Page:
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FHA loan income limits: Are there any?

FHA loan income limits: Are there any?

Does FHA have income limits?

FHA loan income limits should not worry any borrower.

Unlike some mortgage programs, the FHA mortgage program has no income ceiling. If you want an FHA-backed mortgage and you’re named in the wills of the rich and famous that’s okay, you’re welcome to apply.

But the idea of FHA loan income limits does raise a question: What kind of money to do you need to get FHA financing? The real issue is not can you be disqualified by having too much income – a problem not many of us face – but how the income you have can go further when buying a home.

FHA loan income limits & affordability

One of the most serious issues in real estate concerns is the matter of affordability. The fact is that property values are generally rising faster than incomes. That’s good news for real estate owners but a considerable concern for those looking to buy a home.

Here’s what we know.

  • Where you live impacts affordability. A study by ATTOM Date Solutions found that in the first quarter median home prices were not affordable for average wage earners in 335 of 473 U.S. counties analyzed in the report (71%).
  • Home values have generally been rising. According to the National Association of Realtors (NAR), median buyers typically paid $249,500 for a home in February 2019. That’s the 84th straight month of year-over-year gains.
  • While home prices have generally been rising they have not been rising universally. Another NAR study shows that single-family home prices increased in 163 out of 178 metropolitan statistical areas in the fourth quarter (92%). That also means home values were steady or actually fell in 15 metro areas. And, as we know from the great recession of 2006 – 2008, no one can promise that home values will increase tomorrow or at all.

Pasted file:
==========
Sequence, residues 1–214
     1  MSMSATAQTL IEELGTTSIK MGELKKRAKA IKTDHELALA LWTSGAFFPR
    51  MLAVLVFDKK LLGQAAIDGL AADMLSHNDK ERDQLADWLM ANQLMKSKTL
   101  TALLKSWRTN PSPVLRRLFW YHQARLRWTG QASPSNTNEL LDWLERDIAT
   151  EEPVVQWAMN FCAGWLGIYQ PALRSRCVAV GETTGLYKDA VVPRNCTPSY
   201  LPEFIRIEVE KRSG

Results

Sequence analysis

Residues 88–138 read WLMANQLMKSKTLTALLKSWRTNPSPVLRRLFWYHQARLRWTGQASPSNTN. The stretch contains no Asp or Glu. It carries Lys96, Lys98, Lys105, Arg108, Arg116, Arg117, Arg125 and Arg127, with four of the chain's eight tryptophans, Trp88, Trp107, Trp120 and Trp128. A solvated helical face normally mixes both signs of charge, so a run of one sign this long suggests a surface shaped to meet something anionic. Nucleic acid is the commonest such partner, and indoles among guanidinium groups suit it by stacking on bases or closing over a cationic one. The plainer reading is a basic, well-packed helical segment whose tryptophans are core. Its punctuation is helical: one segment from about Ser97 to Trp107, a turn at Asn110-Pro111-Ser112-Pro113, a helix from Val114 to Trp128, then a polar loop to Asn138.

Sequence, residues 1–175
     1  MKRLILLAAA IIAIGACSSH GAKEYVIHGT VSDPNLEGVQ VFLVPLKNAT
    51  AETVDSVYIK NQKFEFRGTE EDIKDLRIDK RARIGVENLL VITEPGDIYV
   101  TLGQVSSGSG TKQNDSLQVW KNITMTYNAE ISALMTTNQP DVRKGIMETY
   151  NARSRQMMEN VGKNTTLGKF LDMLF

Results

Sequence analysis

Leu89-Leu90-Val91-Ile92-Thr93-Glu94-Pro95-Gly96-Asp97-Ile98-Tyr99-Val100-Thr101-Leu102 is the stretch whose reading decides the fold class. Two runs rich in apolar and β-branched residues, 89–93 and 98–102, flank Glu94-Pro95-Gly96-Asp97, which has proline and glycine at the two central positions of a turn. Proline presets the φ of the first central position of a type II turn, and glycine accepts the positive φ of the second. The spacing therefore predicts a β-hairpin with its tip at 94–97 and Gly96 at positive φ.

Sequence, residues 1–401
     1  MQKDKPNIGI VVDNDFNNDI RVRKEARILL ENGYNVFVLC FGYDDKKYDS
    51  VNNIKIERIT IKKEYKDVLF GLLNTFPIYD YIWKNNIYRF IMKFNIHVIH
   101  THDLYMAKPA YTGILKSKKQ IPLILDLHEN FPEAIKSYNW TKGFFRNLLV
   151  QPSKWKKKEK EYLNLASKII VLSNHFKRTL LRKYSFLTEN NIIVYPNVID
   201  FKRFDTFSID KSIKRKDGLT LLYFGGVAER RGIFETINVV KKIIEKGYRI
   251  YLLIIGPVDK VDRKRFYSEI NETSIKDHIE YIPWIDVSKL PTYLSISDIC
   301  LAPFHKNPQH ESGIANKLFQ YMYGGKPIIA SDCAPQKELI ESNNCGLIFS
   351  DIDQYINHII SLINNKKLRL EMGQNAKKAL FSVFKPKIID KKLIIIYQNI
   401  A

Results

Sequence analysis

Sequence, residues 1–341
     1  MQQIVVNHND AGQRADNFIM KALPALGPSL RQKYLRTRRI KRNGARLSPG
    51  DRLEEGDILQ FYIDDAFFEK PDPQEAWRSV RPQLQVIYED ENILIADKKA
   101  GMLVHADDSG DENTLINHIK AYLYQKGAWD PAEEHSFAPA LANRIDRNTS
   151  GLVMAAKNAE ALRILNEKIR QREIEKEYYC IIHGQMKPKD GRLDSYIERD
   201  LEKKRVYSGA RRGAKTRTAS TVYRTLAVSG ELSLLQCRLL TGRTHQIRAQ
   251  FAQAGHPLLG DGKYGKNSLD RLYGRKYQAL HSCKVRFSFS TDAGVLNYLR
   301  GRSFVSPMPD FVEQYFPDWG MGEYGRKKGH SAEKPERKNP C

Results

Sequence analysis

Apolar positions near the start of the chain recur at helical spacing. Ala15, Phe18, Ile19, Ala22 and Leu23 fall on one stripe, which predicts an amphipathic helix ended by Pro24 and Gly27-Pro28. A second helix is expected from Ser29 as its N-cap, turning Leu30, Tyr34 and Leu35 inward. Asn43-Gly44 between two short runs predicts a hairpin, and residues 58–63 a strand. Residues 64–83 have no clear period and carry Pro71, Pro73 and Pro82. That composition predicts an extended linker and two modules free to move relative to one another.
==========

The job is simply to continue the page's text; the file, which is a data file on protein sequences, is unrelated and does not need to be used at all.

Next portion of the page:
• While home prices have generally been rising incomes have not. “There has been little or no real income growth for most people for decades,” says billionaire Ray Dalio. He explains that “prime-age workers in the bottom 60% have had no real (i.e., inflation-adjusted) income growth since 1980.”

The FHA mortgage program – a program created by the federal government in 1934 – is likely the best option for borrowers with affordability concerns. The evidence? Almost 83% of all FHA purchase mortgages were originated for first-time borrowers.

How FHA financing increases affordability

While there may not be FHA loan income limits there is a sense of proportionality. You can generally get an FHA mortgage with the income you have but you can’t borrow more than you should.

How does the FHA mortgage program do this?

In basic terms the FHA has a series of tests for potential borrowers. The tests are fairly straight-forward and allow you to see how much financing might be available to you.

Mortgage insurance premiums

Interest rates are the big issue with any form of mortgage financing, this is why it pays to shop around. The reason you can borrow with 3.5% down and not the usual 20% lenders really want is that the FHA program is really a form of mortgage insurance. If you don’t pay your mortgage FHA insurance will protect lenders against any losses.

Where there’s insurance there are also premiums. In the case of FHA mortgages there are two forms of mortgage insurance.